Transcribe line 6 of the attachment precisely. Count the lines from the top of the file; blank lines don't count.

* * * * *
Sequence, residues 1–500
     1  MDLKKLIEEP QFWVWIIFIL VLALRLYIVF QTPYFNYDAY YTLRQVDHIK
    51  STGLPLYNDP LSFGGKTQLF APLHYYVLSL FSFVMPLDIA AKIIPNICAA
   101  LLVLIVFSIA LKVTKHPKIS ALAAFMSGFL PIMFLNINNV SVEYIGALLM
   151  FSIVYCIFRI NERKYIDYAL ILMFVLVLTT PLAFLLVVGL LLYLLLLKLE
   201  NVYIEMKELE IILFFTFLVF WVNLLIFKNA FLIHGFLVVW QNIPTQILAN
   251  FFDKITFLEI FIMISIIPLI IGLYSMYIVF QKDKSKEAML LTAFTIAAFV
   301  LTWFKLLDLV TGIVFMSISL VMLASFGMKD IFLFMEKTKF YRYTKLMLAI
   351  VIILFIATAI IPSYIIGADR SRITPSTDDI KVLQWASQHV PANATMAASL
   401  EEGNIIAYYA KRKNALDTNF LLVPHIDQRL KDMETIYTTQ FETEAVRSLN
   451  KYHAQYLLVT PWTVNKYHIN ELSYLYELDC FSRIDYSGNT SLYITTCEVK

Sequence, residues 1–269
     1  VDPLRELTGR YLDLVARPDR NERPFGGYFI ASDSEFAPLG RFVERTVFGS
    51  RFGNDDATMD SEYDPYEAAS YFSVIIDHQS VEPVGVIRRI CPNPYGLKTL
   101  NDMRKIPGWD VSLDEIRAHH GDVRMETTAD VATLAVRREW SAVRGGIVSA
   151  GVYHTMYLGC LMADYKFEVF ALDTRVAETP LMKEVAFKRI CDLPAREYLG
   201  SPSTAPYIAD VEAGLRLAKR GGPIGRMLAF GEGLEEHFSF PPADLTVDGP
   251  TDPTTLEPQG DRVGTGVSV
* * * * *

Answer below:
   201  NVYIEMKELE IILFFTFLVF WVNLLIFKNA FLIHGFLVVW QNIPTQILAN